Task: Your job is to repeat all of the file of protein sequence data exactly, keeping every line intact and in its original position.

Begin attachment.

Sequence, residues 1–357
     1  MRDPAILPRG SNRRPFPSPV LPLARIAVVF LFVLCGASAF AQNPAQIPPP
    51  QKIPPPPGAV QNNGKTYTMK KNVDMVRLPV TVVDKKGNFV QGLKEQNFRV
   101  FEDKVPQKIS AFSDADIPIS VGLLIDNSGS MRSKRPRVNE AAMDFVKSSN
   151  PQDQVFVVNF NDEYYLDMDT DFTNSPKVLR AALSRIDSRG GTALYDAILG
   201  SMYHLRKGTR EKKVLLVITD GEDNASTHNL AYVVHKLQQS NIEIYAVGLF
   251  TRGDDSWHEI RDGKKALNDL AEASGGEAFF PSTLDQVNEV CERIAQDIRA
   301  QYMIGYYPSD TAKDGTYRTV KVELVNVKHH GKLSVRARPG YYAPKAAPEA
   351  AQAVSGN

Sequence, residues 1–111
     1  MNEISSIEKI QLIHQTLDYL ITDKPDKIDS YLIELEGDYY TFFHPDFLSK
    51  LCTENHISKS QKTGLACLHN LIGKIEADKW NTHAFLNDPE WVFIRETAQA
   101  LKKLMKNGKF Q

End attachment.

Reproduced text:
Sequence, residues 1–357
     1  MRDPAILPRG SNRRPFPSPV LPLARIAVVF LFVLCGASAF AQNPAQIPPP
    51  QKIPPPPGAV QNNGKTYTMK KNVDMVRLPV TVVDKKGNFV QGLKEQNFRV
   101  FEDKVPQKIS AFSDADIPIS VGLLIDNSGS MRSKRPRVNE AAMDFVKSSN
   151  PQDQVFVVNF NDEYYLDMDT DFTNSPKVLR AALSRIDSRG GTALYDAILG
   201  SMYHLRKGTR EKKVLLVITD GEDNASTHNL AYVVHKLQQS NIEIYAVGLF
   251  TRGDDSWHEI RDGKKALNDL AEASGGEAFF PSTLDQVNEV CERIAQDIRA
   301  QYMIGYYPSD TAKDGTYRTV KVELVNVKHH GKLSVRARPG YYAPKAAPEA
   351  AQAVSGN

Sequence, residues 1–111
     1  MNEISSIEKI QLIHQTLDYL ITDKPDKIDS YLIELEGDYY TFFHPDFLSK
    51  LCTENHISKS QKTGLACLHN LIGKIEADKW NTHAFLNDPE WVFIRETAQA
   101  LKKLMKNGKF Q